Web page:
Ewer in the Form of a Phoenix
ca. 15th–16th century
Stoneware with underglaze cobalt blue decoration
H. 11 1/2 in. (29.2 cm)
Gift of Betty and John R. Menke, 1992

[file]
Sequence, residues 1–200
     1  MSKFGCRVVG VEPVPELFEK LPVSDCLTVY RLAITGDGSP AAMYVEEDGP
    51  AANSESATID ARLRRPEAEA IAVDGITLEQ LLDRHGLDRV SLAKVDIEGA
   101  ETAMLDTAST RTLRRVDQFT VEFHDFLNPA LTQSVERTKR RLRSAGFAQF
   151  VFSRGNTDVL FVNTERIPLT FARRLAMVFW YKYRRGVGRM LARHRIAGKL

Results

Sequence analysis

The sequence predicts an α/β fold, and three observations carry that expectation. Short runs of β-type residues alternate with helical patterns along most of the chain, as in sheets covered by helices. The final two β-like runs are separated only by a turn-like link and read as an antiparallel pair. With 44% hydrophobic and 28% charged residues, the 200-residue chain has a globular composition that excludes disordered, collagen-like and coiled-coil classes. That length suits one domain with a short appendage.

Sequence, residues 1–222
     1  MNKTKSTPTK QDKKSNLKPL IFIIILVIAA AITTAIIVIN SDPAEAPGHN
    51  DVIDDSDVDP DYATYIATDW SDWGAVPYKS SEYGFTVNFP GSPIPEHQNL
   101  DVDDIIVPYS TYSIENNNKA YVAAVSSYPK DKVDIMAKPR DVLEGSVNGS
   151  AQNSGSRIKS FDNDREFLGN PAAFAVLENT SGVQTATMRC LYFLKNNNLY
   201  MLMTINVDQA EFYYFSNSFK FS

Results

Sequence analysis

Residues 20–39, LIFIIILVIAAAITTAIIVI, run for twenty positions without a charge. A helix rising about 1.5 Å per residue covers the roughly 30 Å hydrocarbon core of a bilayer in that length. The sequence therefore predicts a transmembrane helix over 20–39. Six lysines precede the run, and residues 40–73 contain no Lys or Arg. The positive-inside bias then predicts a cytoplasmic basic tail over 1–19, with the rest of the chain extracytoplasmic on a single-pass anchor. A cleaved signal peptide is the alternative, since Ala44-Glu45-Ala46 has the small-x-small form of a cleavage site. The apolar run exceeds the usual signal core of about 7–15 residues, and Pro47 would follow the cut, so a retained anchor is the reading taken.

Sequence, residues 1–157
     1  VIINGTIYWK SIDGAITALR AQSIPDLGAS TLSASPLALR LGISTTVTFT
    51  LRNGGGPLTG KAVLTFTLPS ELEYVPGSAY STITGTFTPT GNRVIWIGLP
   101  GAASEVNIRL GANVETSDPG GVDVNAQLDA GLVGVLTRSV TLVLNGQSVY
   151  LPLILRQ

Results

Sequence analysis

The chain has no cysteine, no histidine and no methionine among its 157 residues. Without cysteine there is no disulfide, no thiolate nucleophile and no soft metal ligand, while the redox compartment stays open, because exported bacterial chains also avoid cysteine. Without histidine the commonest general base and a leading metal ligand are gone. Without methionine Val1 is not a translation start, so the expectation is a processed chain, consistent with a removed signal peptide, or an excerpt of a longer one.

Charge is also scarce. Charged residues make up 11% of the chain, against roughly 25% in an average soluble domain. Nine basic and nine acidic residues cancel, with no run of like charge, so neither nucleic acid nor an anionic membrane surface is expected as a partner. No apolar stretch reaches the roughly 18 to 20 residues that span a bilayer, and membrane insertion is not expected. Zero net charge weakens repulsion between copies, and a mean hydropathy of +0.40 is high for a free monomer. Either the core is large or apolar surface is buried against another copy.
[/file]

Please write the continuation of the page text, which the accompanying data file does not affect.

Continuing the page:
Fanciful shapes, including vessels in the form of birds, animals, and human figures, as well as abstract designs characterize blue-and-white and other ceramic wares produced in Vietnam for domestic use and export in the fifteenth and sixteenth century. An elaborate crest caps the pronounced head of this phoenix-shaped ewer. His detailed wings cling to the sides of the body, which is decorated with scattered featherlike clumps painted in underglaze blue. A whimsical two-part handle is placed along the back. This is one of several such vessels found in Indonesia, an active market for Chinese and Southeast Asian wares. In addition to figural and other vessels, the Vietnamese kilns also produced tiles for the decoration of mosques and other Indonesian buildings.
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